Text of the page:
The Librarian

https://wolfgarwords.com/

 

He sniffed at Miles Davis in his Pompous English way

but doffed his treasured cap to the tunes of Sid Bechet,

who himself was not a stranger to the pulling of a trigger,

though to one as mean as he was he'd have been a lowly “Nigger”

 

From High windows he could survey other lesser forms of life,

those toads and grubby proles mired in their strife.

In his literary palace alphabetically displayed

he would charge his poisoned chalice with words so cruelly made.

 

◄ Manuscript

Ride On ►

Comments

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Wolfgar Miere

Sat 20th Apr 2019 17:13

Good afternoon folks, thank you all for dropping by reading and leaving comments and/or flowers..much appreciated.

I didn't state my personal opinion of Larkin in the written piece as I didn't wish to provoke any agreement or contrary stance at that point.

I am a great admirer of Philip Larkins writing irrespective of his flaws, I think his flaws however repellent to some do in fact make him a far more interesting and broad character for our observations.

It has been recorded through history how some of the most despicable artists have created things of great beauty, also how some truly anti-social people have formulated ideas which greatly benefited mankind, with this in mind I have always personally endeavoured to separate the artist and their creations from their personal failings. I think there is too much to be lost by reacting dismissively to art and ideas due to factors not influencing value.

I am also aware that everything I know about Larkin is at best second hand and that he is not able to defend or account for his character and our interpretation of it. I suspect that a man like Larkin would feel no requirement whatsover to justify his attitudes and beliefs, in a way I admire that about him. I think had I met him (although I can't imagine under what circumstances other than drinking that might have occurred) I still would have liked him and been interested in his attitudes and learned something from him.

I think that his aloofness was something to do with class in that traditional English way, not particularly pleasant at all.

Ray, your point about social parameters in music is a valid one. Someone like Miles Davis would I think have been far too free spirited and unrestrained for Larkins taste.

Anyway thanks folks I enjoyed the feedback.

David.

Just out of interest a google search using the search terms "English librarian poet" throws up Philip Larkin top of the list.

https://www.google.com/search?q=English+librarian+poet&rlz=1C1GCEA_enGB796GB796&oq=English+librarian+poet&aqs=chrome..69i57j0.17495j1j7&sourceid=chrome&ie=UTF-8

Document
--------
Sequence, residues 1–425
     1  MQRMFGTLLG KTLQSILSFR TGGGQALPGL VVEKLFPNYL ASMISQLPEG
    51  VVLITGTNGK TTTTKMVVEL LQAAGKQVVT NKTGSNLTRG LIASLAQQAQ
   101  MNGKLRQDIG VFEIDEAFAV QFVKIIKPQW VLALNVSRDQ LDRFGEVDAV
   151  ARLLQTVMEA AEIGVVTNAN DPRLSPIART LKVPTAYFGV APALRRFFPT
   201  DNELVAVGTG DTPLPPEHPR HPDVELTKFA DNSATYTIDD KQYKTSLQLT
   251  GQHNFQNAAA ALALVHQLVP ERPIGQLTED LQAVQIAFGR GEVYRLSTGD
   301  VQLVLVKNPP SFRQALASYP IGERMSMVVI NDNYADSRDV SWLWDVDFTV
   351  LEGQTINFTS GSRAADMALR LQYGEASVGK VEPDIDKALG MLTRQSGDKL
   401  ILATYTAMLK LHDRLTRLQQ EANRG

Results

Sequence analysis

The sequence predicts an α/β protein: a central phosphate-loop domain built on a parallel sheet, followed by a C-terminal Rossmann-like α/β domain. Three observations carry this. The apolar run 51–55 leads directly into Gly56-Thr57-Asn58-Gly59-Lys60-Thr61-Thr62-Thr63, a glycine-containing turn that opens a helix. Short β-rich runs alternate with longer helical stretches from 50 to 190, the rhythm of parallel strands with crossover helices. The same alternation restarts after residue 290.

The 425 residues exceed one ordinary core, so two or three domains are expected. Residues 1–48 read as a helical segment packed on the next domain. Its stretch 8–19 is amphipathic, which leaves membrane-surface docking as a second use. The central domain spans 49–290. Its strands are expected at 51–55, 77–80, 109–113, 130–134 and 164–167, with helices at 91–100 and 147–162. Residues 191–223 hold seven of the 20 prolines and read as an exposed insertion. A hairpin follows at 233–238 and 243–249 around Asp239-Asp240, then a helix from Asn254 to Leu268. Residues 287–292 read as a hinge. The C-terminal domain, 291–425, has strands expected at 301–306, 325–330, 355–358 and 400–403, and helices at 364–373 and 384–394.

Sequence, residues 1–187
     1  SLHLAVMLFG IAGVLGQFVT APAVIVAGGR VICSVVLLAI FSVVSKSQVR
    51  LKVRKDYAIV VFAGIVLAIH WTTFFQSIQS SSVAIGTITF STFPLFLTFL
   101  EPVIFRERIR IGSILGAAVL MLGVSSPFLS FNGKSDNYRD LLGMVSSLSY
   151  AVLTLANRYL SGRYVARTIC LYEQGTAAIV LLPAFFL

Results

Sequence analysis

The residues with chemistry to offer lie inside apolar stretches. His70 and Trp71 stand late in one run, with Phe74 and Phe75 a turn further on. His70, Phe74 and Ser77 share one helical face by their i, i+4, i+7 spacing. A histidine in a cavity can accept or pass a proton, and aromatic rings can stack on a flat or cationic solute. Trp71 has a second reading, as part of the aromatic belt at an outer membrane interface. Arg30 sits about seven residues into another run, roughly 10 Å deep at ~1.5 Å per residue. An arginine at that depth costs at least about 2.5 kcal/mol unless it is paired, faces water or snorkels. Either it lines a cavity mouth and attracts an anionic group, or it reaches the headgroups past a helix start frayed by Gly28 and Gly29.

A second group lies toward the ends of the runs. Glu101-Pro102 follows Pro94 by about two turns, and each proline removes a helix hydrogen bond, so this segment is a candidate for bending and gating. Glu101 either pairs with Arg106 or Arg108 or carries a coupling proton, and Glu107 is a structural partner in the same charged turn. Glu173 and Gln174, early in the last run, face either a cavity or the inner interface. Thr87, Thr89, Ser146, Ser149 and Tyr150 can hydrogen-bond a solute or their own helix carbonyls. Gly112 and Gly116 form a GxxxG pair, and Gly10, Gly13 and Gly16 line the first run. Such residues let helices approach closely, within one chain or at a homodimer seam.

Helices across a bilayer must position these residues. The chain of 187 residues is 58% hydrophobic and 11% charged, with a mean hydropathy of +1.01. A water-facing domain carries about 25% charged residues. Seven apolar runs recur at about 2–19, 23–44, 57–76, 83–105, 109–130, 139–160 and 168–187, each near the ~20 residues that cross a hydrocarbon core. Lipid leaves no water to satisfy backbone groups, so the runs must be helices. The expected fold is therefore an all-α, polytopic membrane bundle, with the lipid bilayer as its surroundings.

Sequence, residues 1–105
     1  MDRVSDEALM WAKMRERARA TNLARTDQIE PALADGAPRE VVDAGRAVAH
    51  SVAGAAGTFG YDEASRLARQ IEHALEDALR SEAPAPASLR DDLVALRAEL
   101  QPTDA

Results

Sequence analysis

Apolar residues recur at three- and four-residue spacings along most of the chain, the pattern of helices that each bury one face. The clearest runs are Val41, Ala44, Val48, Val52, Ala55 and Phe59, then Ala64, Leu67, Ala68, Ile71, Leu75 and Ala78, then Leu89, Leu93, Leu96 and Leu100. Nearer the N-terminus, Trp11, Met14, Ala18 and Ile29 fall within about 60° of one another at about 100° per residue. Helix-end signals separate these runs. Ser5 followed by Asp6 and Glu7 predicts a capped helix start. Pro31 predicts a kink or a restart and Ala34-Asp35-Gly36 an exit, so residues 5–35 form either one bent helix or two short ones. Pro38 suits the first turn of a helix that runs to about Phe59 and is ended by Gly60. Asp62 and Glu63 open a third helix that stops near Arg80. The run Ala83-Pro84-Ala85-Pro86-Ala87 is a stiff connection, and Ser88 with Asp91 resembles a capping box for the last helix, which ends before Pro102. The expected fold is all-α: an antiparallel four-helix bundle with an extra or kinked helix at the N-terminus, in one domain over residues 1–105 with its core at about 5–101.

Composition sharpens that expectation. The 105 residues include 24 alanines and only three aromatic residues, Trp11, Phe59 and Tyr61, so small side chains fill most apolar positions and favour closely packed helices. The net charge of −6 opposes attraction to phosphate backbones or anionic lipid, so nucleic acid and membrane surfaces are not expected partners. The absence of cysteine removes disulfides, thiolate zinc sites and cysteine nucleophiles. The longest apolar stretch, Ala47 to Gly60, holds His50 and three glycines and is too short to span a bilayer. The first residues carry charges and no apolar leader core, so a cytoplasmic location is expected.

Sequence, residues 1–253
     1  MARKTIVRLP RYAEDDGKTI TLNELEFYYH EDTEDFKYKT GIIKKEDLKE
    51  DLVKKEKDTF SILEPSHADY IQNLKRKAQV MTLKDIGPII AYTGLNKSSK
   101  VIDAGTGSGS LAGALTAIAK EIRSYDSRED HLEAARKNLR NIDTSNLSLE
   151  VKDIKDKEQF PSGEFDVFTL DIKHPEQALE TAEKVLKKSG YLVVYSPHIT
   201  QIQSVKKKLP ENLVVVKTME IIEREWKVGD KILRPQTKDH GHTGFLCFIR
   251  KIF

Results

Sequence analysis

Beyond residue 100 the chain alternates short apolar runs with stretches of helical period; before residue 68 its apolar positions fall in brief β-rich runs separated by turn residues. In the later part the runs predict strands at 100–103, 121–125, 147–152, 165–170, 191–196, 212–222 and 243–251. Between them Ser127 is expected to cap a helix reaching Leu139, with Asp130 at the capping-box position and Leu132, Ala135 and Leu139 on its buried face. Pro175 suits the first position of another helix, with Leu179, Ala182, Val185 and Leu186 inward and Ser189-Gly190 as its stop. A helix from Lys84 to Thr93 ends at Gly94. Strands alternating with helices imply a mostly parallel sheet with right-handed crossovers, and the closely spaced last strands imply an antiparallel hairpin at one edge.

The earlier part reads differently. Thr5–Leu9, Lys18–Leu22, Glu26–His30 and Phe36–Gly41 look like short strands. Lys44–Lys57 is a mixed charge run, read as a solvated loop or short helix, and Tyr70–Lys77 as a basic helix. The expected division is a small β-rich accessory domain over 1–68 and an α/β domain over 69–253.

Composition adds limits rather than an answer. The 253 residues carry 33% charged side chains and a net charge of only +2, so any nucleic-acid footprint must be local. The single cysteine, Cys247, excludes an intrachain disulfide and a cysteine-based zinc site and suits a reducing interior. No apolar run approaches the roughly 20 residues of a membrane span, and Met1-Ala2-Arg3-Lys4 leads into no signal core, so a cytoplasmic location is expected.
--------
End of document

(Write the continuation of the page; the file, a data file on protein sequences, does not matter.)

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raypool

Sat 20th Apr 2019 16:03

Sorry for the delay. Could be early onset I suppose. All the clues are here and the comments highlight the obvious person in question. I think with Larkin you get the rough with the smooth. One without the other though would be a much reduced catalogue in terms of quality. Imagine if we were to repackage the things we admire and make puppets of them.
ON a serious note. to non musicians the magic of performing on instruments seems to deeply influence those who can't. Larkin mentions his admiration in several of his poems I noticed. The other thing is that New Orleans jazz tends (in my experience) to appeal more often to those in the comfortable social levels, perhaps by virtue of it being more light hearted and freer in constraints than other forms. This might allow a certain releasing of inhibitions while "modern" jazz is often more cerebral. Draw your own conclusions. All life is here in Farnham.

Ray

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Greg Freeman

Sat 20th Apr 2019 15:05

I am a fan of Larkin, despite his personal shortcomings, which included racism and Thatcherism among many other things. He wrote a wonderful poem about spring called 'The Trees'. https://www.poetryarchive.org/poem/trees. Its last line is so simple and beautiful, like the trees themselves: "Begin afresh, afresh, afresh."

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kJ Walker

Sat 20th Apr 2019 07:34

They say that people in glass houses shouldn't throw stones. But it seems that it's a free-for-all, if you live in an ivory tower.
Larkin, it would seem had utter contempt for the people who he deemed his inferiors. Yet the people of Hull have really taken him into their hearts.
I've tried reading some of his works, but find it hard to find his voice. (To be honest, I struggle with many of the poets who are deemed to be the literary greats)
I understood and enjoyed this piece (does that mean that you aren't among the literary greats - I think not)

Cheers Kevin

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Hazel ettridge

Fri 19th Apr 2019 21:16

Too cryptic for little old me.

jennifer Malden

Fri 19th Apr 2019 19:55

Initials J.B. by any chance? Jennifer

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Wolfgar Miere

Fri 19th Apr 2019 15:01

Thanks for checking in Hazel.

The subject is a very famous poet in English terms. Of questionable character but still much admired.

I have left a few clues in the text.

Thanks again,

David.

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Hazel ettridge

Fri 19th Apr 2019 14:15

Hmmmm. Interesting caricature. Real person?

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